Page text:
People are customers, not targets

Michael Arrington has a solid update on what’s taking place in the copyright lawsuits involving video upload sites. He does such a good job of laying out what’s happening, that I won’t try to reproduce it here. The basic thrust is that Viacom and NBC are now filing “friend of the court” briefs in other litigation.

The cases being litigated now are crucial in determining what level of freedom video sites have in letting their users upload and distribute content. Content owners are not happy with the protections provided under the DMCA — they want video sites to be far more proactive in stopping uploads in the first place. The outcome of these cases will guide how much freedom these video sites have to continue current practices, and ultimately determine the value of these companies down the road.

I want to add that these efforts by content owners are designed to preserve a business model that can’t be preserved. It isn’t about the value of their content or even the wish to get more from what they own. It’s about the customers of this content, those who are fleeing the grip of mass media — and the relentless pounding of unwanted marketing — on their lives. Even if the whole world agreed that this content should only be available at the content owner’s “site(s),” the model still wouldn’t work. People would simply find other ways to entertain themselves, because the personal media revolution makes that possible.

These companies would do well to find new ways to monetize their content in a truly distributed marketplace. Go with the flow, instead of against it. They might do well to band together and create one, giant portal for all professionally created stuff and charge people to view it or serve ad after ad to make their money. Wait a minute. Isn’t that what NBC and Fox are trying to do? Will people use such a site?

And what will happen to YouTube? Nothing. It’ll continue to prosper, because YouTube is an enabler, and people want to be enabled.

Another fascinating side of this traditional versus new battle is reported by Amy Gahran at Poynter. The issue here is RSS feeds, more specifically, full text feeds versus partial feeds. Go read the whole thing, because she makes an important (and similar) argument that media companies need to find ways to play in a truly distributed world.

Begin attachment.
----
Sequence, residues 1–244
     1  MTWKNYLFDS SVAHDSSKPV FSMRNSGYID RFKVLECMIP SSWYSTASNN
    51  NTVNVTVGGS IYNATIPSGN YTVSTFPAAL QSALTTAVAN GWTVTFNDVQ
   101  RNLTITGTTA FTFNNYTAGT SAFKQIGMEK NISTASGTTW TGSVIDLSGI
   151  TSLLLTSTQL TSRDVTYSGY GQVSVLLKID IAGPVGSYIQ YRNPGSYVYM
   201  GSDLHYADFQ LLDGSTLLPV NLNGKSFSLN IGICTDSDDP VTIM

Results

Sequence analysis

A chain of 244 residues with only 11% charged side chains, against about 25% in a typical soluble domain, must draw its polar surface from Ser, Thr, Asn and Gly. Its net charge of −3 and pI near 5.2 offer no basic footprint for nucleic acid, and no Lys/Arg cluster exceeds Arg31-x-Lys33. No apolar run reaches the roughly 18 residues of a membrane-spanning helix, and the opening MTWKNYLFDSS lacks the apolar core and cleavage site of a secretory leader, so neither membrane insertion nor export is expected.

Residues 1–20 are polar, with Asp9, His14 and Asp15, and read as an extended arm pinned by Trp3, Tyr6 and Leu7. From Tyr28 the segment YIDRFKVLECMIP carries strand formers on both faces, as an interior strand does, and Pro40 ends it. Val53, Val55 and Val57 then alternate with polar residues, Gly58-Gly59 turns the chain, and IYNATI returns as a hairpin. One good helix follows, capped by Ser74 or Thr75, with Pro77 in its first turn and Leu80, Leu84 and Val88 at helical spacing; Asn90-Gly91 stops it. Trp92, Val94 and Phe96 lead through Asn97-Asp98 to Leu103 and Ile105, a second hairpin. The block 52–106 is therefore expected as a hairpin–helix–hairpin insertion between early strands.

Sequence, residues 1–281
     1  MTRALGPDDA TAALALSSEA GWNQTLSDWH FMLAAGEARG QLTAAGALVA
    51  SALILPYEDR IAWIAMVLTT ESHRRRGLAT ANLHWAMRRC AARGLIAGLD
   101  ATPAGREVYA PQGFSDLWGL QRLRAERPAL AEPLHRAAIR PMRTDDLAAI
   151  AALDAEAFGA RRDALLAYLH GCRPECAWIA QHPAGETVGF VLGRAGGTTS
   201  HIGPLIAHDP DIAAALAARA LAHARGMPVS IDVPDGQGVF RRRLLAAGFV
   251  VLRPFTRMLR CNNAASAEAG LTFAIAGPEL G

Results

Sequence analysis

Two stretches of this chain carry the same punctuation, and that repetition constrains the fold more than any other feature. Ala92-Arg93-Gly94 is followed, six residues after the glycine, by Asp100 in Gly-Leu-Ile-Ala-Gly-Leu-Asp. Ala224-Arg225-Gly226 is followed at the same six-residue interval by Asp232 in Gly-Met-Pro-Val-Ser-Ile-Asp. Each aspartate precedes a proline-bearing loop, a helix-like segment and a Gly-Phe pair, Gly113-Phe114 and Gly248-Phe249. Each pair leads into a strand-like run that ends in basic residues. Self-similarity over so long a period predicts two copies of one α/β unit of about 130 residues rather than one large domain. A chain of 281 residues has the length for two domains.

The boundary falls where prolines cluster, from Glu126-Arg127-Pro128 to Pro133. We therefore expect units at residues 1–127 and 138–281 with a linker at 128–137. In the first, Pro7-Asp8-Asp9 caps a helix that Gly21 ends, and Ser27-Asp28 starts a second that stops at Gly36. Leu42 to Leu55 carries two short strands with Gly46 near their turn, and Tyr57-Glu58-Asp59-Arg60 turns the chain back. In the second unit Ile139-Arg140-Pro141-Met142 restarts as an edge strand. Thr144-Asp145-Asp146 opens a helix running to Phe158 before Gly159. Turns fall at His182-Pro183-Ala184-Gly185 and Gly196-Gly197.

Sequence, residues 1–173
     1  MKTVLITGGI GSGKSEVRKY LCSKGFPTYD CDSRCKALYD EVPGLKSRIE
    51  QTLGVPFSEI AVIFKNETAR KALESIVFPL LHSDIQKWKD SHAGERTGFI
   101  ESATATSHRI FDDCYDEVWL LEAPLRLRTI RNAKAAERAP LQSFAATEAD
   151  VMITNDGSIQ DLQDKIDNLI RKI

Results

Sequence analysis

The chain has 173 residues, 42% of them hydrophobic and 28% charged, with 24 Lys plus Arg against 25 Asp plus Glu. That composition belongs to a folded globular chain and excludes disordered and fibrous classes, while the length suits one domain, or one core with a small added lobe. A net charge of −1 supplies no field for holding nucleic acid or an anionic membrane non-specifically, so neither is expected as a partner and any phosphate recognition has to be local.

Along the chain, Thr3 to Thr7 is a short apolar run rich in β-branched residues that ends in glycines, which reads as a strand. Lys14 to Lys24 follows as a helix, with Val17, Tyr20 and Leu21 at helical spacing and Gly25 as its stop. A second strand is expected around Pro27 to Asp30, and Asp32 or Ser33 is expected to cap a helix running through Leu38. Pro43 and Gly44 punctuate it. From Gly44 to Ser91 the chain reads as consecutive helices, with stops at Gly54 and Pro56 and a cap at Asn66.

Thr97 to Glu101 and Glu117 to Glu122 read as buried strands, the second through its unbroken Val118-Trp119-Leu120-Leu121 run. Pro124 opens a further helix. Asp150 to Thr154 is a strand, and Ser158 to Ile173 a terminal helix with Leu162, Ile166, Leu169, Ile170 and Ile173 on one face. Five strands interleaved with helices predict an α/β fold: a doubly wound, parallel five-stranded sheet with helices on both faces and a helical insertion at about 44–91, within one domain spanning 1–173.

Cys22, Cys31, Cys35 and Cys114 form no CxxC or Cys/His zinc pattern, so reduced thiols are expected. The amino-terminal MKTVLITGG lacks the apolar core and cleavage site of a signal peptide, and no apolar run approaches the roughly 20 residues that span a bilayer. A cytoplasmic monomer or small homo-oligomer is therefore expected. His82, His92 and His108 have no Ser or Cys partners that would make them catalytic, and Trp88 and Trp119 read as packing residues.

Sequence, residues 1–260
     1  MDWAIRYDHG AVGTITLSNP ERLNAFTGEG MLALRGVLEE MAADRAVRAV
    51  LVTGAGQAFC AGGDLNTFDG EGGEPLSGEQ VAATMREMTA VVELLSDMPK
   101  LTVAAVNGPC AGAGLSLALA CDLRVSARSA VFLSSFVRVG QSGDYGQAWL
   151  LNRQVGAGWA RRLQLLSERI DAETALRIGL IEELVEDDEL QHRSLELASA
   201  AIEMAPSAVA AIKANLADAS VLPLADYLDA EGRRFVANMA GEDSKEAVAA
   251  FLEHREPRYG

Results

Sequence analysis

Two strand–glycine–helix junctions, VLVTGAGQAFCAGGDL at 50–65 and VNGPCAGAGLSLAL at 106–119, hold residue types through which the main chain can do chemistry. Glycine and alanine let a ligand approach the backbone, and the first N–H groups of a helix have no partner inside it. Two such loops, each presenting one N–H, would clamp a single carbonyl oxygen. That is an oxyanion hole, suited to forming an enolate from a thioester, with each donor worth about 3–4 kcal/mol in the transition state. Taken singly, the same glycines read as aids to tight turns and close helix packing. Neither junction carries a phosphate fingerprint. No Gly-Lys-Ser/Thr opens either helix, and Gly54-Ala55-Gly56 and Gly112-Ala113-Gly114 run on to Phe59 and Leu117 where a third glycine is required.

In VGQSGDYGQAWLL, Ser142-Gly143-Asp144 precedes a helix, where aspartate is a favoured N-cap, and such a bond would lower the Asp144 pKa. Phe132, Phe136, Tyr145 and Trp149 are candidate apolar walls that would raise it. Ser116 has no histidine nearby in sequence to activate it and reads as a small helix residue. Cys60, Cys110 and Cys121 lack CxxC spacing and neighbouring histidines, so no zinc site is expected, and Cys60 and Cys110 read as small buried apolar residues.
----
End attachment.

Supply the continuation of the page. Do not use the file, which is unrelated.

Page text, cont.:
Partial RSS feeds are popular and common with traditional media sources, because they think they drive traffic to their sites and, hence, their advertising. This is yet another “we don’t give a crap what people want” argument, and it is actually counterproductive. Here’s Amy.

Seems to me that, as media organizations learn to adapt their operations and business models to online media, they’d do well to learn how to make money from feeds (yes, you can put ads in feeds) as well as educating advertisers to make ad content more inherently valuable and engaging. Also, properly distributed full-text feeds make your content much more findable via all kinds of search engines and aggregators, potentially leading to increased page views well after initial publication.

As long as we keep trying to lure people to sites where they’re forced (or at least, more likely) to view ads that they’d rather avoid altogether, we’re fighting a losing battle. As the blog Techdirt put it recently, “Taking value away from users to try to force a specific action is almost always going to be less desirable than providing people what they want.”

Of the changes taking place with media these days, the most difficult are those that involve the generation of mass that can be monetized. What many companies don’t understand (or refuse to see) is that the herding of people into masses is exactly what people are rebelling against, and I honestly believe the people will win this one.

In a quote on another topic entirely, I read this from a marketing guru: “that’s part of what I think is driving penetration.” He’s referring to newspaper circulation, but think about that phrase, “driving penetration.” Used in another context, it’s not a very pleasant thought, and we would all do well to understand that our mediated world has produced an offspring that feels, well, quite penetrated.

And nobody ever says, “Thank you.”


  1. Hi, Terry. Glad my post resonated with you.

    although, IMHO, people are PEOPLE (incdividuals or communities), not customers or targets.

    Yeah, we’ve all been “penetrated” quite enough, thanks 🙂

    Incidentally, I’m blogging more about full-text feeds and related issues over at my personal blog,

    - Amy Gahran


  1. […] Terry Heaton’s PoMo Blog » Blog Archive » People are customers, not targets “Of today’s media biz changes, the most difficult involve generating mass to be monetized. Many media cos don’t understand (or refuse to see) that herding people into masses is exactly what people are rebelling against. The people will win this one.” (tags: community mycoverage AmyGahran media+evolution business advertising problems tidbits+fodder) […]

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